Friday, 12 October 2018

How to Give a Career Talk, with Question Prompts!

A few of the people I've asked have been interested in talking in front of seminar class on careers in statistics, but didn't think they could fill a half-hour with their career talk. However, with prompts adapted from this list, external speakers have had no trouble giving such a talk with at most a couple hours of preparation.


 - What does a typical week or month look like to you? What’s the best part of your position? What’s the worst part?

 - How much does your work depend on your location? (e.g. Can you do much of it from home? Can you do it outside of the organisation's main office or headquarters? Does it require living in a large city?)

 - What are some challenges or benefits related with balancing your career with other aspects of your life? (e.g. family, recreation)

 - What do you think the general public doesn't know about how to get into a position like yours? (e.g. Is the application or hiring process unusual? Are there little-known traits that will make you a success in your position?)

Industry / Government life

 - Is there room, or do you anticipate room in your field for new hires in the next couple of years? (e.g. is business growing? are there many people retiring out?)

 - What changes have you seen in the industry in the last five years? What new technologies or skills have gained importance? What is less important than it used to be?

 - What sort of jobs or other experiences have you had before your current position? How useful have these been in your current position?

 - What other fields of work did you consider (or are you still considering) besides the one you're currently in?

Grad student life

 - How did you decide to do a Master’s degree, and then a PhD, in statistics? (For example, what was your undergraduate background in? What did you want to get out of it? Were you always thinking of doing research from the start, or was it something that came up along the way?)

 - Did you consider any other specialities (computer science, mathematics, economics, health science)?

 - Did you consider other options besides graduate school (government work, banking and finance)?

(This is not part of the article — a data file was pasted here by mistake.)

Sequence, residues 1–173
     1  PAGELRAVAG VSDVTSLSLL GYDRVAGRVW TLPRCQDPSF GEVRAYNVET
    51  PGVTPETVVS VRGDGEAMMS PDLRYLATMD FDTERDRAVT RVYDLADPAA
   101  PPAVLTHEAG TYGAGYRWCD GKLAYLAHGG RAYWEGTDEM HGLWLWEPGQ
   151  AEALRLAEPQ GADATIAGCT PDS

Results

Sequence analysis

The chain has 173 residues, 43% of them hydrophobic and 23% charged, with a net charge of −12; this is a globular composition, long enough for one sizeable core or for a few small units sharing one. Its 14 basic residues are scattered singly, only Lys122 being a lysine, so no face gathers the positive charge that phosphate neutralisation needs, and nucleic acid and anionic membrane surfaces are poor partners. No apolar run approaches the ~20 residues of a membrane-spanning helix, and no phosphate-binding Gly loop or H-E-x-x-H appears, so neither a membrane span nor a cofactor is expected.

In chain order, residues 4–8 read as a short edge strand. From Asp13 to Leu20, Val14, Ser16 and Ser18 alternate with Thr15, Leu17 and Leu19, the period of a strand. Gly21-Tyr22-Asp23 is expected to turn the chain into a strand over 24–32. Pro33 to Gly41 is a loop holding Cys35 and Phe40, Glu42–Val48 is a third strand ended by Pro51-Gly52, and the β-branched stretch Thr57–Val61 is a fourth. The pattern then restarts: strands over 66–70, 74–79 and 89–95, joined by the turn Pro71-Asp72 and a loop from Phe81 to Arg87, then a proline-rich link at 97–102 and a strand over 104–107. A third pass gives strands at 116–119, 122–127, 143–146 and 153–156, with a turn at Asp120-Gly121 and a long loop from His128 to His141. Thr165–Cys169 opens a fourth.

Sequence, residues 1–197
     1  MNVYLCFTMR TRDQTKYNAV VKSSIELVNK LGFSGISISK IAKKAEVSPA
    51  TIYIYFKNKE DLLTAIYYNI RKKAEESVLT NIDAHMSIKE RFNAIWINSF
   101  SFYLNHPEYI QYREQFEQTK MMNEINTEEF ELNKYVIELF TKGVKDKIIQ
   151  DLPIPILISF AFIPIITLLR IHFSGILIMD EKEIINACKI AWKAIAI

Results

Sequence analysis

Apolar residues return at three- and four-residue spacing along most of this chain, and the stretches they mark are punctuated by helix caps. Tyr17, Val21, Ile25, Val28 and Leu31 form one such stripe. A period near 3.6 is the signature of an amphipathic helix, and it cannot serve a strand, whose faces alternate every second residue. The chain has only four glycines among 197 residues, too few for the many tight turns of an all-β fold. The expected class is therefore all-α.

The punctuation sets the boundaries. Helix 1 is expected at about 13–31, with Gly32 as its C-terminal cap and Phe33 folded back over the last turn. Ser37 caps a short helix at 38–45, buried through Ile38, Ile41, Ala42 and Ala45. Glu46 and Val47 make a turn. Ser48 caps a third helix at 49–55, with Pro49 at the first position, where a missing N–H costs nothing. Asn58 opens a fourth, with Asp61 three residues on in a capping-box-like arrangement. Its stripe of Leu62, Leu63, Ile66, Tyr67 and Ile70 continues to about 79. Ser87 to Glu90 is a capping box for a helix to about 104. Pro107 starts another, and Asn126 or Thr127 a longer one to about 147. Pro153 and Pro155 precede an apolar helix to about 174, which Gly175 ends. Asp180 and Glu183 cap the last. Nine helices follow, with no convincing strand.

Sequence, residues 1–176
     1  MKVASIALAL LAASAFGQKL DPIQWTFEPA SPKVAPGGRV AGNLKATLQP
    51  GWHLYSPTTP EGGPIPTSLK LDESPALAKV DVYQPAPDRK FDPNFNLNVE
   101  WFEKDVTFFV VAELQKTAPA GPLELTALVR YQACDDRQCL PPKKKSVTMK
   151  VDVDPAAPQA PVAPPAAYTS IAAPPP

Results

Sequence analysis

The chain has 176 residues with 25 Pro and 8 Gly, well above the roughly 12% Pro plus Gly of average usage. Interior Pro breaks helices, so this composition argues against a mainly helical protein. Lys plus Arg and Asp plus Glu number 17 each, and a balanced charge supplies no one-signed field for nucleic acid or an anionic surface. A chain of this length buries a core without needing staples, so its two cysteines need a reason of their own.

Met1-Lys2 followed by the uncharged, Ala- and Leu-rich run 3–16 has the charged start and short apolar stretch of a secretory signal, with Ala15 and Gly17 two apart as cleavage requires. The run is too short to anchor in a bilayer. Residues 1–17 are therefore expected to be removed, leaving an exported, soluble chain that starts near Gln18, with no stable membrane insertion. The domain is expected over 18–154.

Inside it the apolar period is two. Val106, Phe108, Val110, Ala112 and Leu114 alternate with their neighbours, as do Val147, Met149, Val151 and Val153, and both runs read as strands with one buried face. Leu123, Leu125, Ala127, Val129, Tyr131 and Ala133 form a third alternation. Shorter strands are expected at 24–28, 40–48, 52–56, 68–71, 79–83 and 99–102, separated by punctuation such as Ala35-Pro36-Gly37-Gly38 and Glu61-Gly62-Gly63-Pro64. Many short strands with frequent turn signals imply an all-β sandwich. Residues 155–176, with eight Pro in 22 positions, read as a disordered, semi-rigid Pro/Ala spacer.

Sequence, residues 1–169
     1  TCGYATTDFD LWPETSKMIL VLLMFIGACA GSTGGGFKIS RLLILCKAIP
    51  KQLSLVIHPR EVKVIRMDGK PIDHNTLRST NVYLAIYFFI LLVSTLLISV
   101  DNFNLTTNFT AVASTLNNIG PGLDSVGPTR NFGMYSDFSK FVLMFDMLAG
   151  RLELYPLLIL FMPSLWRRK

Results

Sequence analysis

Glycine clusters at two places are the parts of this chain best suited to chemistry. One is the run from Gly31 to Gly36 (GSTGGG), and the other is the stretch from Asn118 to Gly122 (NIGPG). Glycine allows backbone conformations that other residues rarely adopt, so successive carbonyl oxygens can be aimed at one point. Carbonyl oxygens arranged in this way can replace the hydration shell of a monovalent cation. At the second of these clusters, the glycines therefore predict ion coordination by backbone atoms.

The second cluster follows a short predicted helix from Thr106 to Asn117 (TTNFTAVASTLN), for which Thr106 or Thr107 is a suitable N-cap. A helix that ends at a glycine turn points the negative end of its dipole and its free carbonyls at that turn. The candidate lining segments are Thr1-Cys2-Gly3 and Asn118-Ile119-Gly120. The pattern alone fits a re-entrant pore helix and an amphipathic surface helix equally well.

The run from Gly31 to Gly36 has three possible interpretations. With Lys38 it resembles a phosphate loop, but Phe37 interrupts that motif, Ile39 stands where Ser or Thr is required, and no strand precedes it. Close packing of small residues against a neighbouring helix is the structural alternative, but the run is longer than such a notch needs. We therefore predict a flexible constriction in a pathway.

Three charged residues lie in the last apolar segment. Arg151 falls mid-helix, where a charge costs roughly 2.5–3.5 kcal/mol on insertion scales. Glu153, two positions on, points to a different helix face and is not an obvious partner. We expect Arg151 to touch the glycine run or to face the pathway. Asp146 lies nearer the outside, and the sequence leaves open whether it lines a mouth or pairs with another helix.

- What has surprised you about life as a graduate student?

 - Related, what do you wish you had known as an undergrad? As a Master’s student?

 - What sort of things besides coursework have prepared you for your work in academic research?

 - Do you expect or intend to continue publishing research like this in your career after graduate school?

 - What sort of career options are you aiming for when you finish graduate school and get a PhD?


- Considering you publications in sports analytics, insect biology, and in vehicle traffic. What role do you take on these projects? Do you take an active role in the writing? Do you specialise on the statistics and programming?

- How do you find the connections needed to collaborate on all these projects?

- What sort of challenges, complications, or difficulties have you found when collaborating with people from outside of statistics?

- What are some of the differences between what you do now and what you learned to do as an undergrad?

- What other research projects are you working on? What others would you like to work on?

Coming to Canada, getting established

 - How did you choose Canada and this university over all the others available internationally?

 - Did you have any particular challenges with getting established in Canada, or in Vancouver? What resources or strategies helped you out when you got here? What did you wish you had access to?

Special thanks to Pulindu Ratnasekera for speaking to my class about his experiences as a PhD candidate, and for helping me make this list.

Additional resources for questions include

40 Questions to Ask in an Informational Interview Questions (Buffalo School of Management)

Some important things most students never ask about grad school  (Stanford)

Always be on the lookout for opportunities.